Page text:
Halle Kneeland is, undeniably, an inherently positive young woman.

When the skies opened up, creating a downpour on Pierson High School’s graduation last month, the 18-year-old couldn’t help but smile as the rain soaked through her cap and gown, her long blonde curls framing her beaming face.

After all, she was simply alive. She had not only survived the COVID-19 crisis that changed the face of her senior year, but she also beat a devastating cancer diagnosis four years earlier — a chapter that defined her career path as she looks ahead toward nursing school at the University of Florida this fall.

“It definitely changed my outlook on everything,” she said, two days after graduating. “It’s just a second chance at embracing my life. I never, ever thought cancer was something that would happen to me, but I’m really glad that it did.”

It was mere weeks into freshman year when Ms. Kneeland found the tumor herself — a small but firm “weird bubble” in her stomach. She was sitting in geometry class.

“I never thought anything of it at all,” she said. “I thought it was something going on, I just didn’t think it was bad at all. I went around telling everyone to feel it.”

When her mother, Heather Kneeland — a self-admitted worrier — obliged her 14-year-old daughter later that afternoon at home in Noyac, she wasn’t immediately concerned.

But a visit to the family pediatrician quickly escalated to extensive testing at Stony Brook Southampton Hospital, where the doctor delivered the grim news: Halle had a softball-sized mass on her right kidney, and she would need to see a specialist immediately.

“The radiologist had pulled me outside and, of course, my stomach dropped and I was terrified,” Heather Kneeland said. “But she was in the room and I didn’t want to convey my fear to her at that moment.”

Despite her best efforts, her daughter knew there was a problem — and for the first time since she noticed the lump, she felt “kind of freaked out,” she said.

“My Mom was keeping a brave face, but I was like, ‘Oh no, maybe something is actually going on, and they don’t want to tell me yet,’” she said. “It all really hit me when I was in school the next day.”

Just before delivering a speech — “I was running for class office,” Ms. Kneeland explained — her teacher received a call from the main office that her parents were there to pick her up and head straight to New York City.

“I’m leaving?” she remembered thinking to herself. “But I’m not ready to go yet.”

It didn’t matter. They had scheduled an appointment with the Memorial Sloan Kettering Cancer Center for the following day — and their diagnosis would change the young girl’s life.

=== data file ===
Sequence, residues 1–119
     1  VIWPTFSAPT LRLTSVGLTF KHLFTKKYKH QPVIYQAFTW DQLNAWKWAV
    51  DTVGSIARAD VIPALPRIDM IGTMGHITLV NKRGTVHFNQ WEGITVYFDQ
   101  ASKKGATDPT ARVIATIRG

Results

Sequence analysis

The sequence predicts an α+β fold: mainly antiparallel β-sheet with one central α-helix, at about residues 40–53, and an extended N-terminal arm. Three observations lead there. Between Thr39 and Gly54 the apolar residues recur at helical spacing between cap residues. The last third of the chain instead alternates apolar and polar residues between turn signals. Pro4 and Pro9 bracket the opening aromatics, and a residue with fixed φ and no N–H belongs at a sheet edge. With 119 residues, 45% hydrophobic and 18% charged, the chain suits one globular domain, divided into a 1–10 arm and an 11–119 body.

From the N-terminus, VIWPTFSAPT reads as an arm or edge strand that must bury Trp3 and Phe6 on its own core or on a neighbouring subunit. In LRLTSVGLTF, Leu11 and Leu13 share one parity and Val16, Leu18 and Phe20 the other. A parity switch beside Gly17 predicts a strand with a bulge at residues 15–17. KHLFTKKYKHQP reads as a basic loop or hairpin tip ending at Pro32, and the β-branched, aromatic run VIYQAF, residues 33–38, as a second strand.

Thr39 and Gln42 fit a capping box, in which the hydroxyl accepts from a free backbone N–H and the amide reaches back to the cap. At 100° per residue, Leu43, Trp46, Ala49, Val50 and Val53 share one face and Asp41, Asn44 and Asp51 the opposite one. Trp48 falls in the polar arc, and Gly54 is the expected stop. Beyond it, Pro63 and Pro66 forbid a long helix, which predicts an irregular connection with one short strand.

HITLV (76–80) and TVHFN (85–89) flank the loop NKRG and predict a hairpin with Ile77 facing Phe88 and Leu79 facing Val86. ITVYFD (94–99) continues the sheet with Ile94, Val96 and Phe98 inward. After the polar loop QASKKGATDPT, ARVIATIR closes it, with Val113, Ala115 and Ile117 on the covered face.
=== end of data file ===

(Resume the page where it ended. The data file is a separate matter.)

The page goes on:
“They said they knew it was cancer,” Heather Kneeland recalled. “The doctor said there’s never a tumor this size that’s not cancer, but we just didn’t know what kind. We stayed with her right until they took her into surgery. I’m sure you can imagine, it was just terrifying. My husband and I sat in the cafeteria at Sloan all that time, and I just cried the entire time.”

Halle Kneeland eats breakfast the morning after a six-hour surgery that removed a softball-sized tumor from her right kidney.

After the six-hour procedure that removed Halle Kneeland’s right kidney entirely — the organ had encapsulated the tumor — the surgeon confirmed the mass was renal cell carcinoma. And because the cancer was contained, she would not need chemotherapy or radiation.

“The surgeon is amazing, and honestly, gosh, it’s still so emotional for me,” Heather Kneeland said, her voice breaking. “They really saved her life. I never thought I’d be so happy to find out my daughter had a certain kind of cancer.”

She paused, sighing to herself. “It’s crazy how it all happened so fast,” she continued. “It was terrifying and Halle’s just so amazing. This kid never got down. I think she cried for about 30 seconds through this whole thing. She was just so positive and amazing.”

Expecting to be hospital-bound for 10 days, Halle Kneeland was out in four, which her mother attributes to her athleticism and body strength. During the process, the doctors also confirmed that she has genetic paraganglioma pheochromocytoma syndrome — a rare genetic disease that makes her more prone to grow tumors.

“Me finding my tumor made us find out that my sister and my Dad also had the genetic disorder, so it’s kind of going backwards in my family now,” Halle Kneeland said. “Even in the hospital, after I found out I did have cancer, I guess I was in shock. It all happened so quick and I never really thought that that would be something that would ever happen to me.”

In less than two weeks, Halle Kneeland went from discovering she had cancer to being declared cancer free — on September 20, 2016. But that short time inspired a change of course, particularly her experience on the pediatric floor, surrounded by young children in the midst of cancer treatment.

“I thought I was so lucky, out of all of them, because this had just happened to me, and then it was over,” she said. “So I was like, ‘How can I possibly feel bad for myself when these newborn babies are sitting next to me going through chemotherapy?’ I was so inspired by the situation I was in, by all the people around me who helped me through it, that I want to basically repeat that. I want to be the one helping others.”

In the future, Ms. Kneeland aspires to work with children in a cancer treatment center, and to show them the same kindness her nurses gave her, every step of the way.

“Without them, their support, I don’t know what I would have done,” she said. “I just worked with some of the most amazing people and they wanted me to carry it forward. I’m just destined to help other people. If people are in similar situations that I was in, I want to help them through it and share some of my story.”

As published in the Sag Harbor Express and the Southampton Press

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